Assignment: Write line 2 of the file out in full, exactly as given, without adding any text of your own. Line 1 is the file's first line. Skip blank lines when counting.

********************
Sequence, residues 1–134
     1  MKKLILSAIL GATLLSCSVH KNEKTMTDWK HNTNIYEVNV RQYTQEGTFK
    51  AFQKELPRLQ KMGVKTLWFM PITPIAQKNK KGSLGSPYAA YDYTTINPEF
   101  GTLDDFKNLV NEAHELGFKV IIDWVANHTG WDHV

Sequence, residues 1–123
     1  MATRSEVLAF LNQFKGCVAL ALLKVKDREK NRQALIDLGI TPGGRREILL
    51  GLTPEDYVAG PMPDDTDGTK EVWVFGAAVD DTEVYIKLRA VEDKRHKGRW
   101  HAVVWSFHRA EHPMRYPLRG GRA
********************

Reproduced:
     1  MKKLILSAIL GATLLSCSVH KNEKTMTDWK HNTNIYEVNV RQYTQEGTFK